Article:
Just walk into any store this month and most likely the first display we see is love themed. Love is in the air. February is the month of love. Valentine’s Day.
What a loaded holiday. It can simultaneously bring joy and misery all in one. For some, Valentine’s Day is a reminder of how exceedingly loved they are. For others, it is a painful reminder of the love they long for, but for whatever reason alludes them. And yet others can find themselves fraught with disappointment when the love they have fails to recognize them in the manner they had hoped.
A day set aside to celebrate love, to highlight those we love. But what is love? Is it just a feeling? Is it an action?
If I had to explain love in one word, I would say – Jesus.
Jesus is the embodiment of love. Jesus came to show the world what God’s love looks like in flesh and blood (John 3:16; Romans 5:8). That we are loved beyond compare (Eph. 3:19). To show us that the greatest act of love is laying down our life for others (John 15:13).
But more practically, that love looks like meeting the needs of others, even when they don’t recognize their need. Jesus shows us love is meeting not just someone’s physical needs, but recognizing their greatest spiritual needs too. He shows us that loving others looks like grieving when they grieve and celebrating when they celebrate. Love is finding the marginalized, overlooked, and downright disliked and inviting them to the party too. Jesus shows us that love protects (1 Corinthians 13:7). Love looks like advocating for the exploited and that it’s ok to be angry when we see that exploitation, but our anger should be the catalyst for action.
Jesus set a high bar for us to emulate when it comes to love, but practically speaking, how do we effectively communicate love to those we love the most? Dr. Gary Chapman is a pastor with over 20 years of marriage counseling experience. In 1992 Dr. Chapman published: “The 5 Love Languages,” drawing upon his findings that most people express and receive love in one of five different ways. Since 1992, the book has only gained momentum, consistently landing on the New York Times’ bestseller list since 2007.
So, what are the 5 love languages?
- Words of Affirmation
- Quality Time
- Receiving Gifts
- Acts of Service
- Physical Touch
The basis of these 5 love languages is that we each have a preferred love language. When people “speak” to us using our preferred love language we feel seen, validated, and loved. Dr. Chapman’s initial book dealt with marriage relationships, but he has since expanded the The 5 Love Languages to include children, teenagers, military, and even a men’s edition.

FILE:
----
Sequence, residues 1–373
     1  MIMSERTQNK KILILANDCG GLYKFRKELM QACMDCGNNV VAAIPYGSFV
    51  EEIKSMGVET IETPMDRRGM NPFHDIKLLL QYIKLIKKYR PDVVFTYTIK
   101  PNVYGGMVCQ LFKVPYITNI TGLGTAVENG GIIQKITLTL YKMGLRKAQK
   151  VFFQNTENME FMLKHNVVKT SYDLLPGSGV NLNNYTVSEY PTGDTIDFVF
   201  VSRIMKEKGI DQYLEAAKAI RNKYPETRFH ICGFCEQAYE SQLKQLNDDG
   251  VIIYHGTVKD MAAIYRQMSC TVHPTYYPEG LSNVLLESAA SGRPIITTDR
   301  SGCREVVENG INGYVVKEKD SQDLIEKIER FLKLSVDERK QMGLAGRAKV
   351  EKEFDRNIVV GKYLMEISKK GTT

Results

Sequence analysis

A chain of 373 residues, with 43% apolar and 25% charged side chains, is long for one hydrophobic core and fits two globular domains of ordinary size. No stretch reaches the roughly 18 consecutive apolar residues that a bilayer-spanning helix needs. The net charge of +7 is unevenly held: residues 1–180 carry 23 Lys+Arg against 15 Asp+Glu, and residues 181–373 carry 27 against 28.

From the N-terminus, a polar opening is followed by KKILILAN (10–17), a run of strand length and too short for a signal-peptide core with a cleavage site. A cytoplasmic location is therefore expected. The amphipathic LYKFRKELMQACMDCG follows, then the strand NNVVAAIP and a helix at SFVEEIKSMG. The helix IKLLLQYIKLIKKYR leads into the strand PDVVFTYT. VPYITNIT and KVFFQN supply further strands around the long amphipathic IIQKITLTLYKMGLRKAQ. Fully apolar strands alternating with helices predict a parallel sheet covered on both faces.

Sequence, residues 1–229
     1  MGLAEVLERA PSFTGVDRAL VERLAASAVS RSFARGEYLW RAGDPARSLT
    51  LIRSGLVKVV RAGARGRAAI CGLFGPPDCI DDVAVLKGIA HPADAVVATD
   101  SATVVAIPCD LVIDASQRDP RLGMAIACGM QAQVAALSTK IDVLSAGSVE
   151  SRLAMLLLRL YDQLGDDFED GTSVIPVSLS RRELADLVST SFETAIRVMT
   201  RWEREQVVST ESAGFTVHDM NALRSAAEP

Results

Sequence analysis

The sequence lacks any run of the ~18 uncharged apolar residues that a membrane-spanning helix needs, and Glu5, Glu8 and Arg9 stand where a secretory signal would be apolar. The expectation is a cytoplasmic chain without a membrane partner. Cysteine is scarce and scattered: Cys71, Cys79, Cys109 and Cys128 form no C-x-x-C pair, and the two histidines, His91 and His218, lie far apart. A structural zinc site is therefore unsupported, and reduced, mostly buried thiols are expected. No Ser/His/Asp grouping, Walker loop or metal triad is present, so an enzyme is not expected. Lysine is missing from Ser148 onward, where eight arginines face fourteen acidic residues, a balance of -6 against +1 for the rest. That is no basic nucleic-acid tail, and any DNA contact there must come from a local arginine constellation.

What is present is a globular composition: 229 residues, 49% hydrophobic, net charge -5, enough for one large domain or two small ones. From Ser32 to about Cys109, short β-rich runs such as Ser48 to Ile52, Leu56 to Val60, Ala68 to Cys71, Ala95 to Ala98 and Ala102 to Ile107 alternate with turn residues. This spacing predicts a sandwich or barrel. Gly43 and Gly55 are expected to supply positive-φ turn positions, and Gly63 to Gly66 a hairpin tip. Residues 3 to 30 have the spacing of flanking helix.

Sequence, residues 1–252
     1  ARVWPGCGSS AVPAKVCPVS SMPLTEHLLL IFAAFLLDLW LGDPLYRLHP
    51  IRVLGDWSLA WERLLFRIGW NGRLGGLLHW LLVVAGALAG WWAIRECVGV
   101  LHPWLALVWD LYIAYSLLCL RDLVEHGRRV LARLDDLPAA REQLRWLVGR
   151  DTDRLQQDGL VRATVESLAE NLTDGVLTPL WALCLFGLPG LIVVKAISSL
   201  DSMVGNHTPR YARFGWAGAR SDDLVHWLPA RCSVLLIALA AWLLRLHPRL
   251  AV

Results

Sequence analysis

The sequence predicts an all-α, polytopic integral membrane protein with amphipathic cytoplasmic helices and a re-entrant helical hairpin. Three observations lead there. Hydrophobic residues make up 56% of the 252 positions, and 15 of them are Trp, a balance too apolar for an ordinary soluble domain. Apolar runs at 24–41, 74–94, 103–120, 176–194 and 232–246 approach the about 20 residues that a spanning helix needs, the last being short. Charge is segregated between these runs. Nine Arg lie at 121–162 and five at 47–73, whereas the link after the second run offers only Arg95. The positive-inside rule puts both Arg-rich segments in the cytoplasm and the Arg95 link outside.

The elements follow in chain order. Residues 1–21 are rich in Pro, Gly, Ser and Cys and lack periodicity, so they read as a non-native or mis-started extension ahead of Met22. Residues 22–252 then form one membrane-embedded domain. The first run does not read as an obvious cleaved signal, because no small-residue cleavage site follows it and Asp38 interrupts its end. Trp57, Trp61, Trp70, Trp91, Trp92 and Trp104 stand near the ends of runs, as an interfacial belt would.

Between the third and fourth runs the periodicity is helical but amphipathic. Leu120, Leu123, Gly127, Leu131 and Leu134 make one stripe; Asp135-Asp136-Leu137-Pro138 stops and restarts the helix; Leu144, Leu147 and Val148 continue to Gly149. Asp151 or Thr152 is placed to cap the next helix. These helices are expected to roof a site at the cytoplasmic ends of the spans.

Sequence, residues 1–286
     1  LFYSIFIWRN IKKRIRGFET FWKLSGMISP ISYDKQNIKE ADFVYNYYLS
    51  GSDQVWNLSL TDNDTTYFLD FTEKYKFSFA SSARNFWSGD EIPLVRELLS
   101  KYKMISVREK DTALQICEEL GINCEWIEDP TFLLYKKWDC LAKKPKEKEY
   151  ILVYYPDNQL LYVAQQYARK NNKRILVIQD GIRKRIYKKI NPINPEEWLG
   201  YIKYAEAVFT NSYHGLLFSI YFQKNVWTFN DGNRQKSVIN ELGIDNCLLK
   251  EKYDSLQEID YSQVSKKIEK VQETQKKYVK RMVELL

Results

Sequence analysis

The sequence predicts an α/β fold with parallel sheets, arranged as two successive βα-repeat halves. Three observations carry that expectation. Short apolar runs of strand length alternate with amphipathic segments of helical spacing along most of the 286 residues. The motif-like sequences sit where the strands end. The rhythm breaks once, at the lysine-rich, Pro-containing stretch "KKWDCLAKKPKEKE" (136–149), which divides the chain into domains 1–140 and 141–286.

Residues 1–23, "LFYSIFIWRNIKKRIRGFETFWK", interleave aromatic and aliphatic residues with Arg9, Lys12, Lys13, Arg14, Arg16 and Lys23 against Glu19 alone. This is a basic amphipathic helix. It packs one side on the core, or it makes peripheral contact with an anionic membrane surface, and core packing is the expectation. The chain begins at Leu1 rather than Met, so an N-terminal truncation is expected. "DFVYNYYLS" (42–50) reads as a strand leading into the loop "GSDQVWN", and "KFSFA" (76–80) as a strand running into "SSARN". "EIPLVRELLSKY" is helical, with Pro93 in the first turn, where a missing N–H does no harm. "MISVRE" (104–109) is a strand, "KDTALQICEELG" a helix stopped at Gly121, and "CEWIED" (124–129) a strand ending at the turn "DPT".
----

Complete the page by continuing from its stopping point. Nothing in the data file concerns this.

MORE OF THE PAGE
Knowing our own love language, as well as the love language of our spouse and children allows us to effectively communicate love to those we want to feel loved in our lives. Dr. Chapman’s website – 5lovelanguages.com has free quizzes for adults and children to determine our primary love languages.
I would highly recommend taking these quizzes. I have taken the quiz along with my spouse and children. As a side note, if you select the category for children under 8 it will prompt you to ask your child to draw you a picture of how parents love their kids. This is great, but I found my youngest who was only 6 at the time, was able to take the quiz if I read him the questions and he picked the answers he liked best.
The quiz will break down by percentage how we rank in each of the five categories. Some people rank substantially higher in one category, while some like me, may rank closely in more than one category. The highest percentage represents our primary love language, but if they are close second and/or third place can also be ways we like to receive love.
Knowing our love language not only helps us communicate love and connect with loved ones, but it also helps us understand why certain actions or a lack thereof can be so hurtful. For example, forgetting to do something for someone whose primary love language is acts of service can feel like a slap in the face to them. Conversely, we can go out of our way running ourselves ragged completing acts of service for someone with little to no response from them, because acts of service is not their love language.
This season of love, may we love well speaking love into the lives of those we want to feel most loved using their unique love languages. May we be reminded that we are loved beyond compare by a Savior who is the very embodiment of love itself. And that his love gives us the the confidence and freedom to celebrate we are loved without disappointment this Valentine’s Day.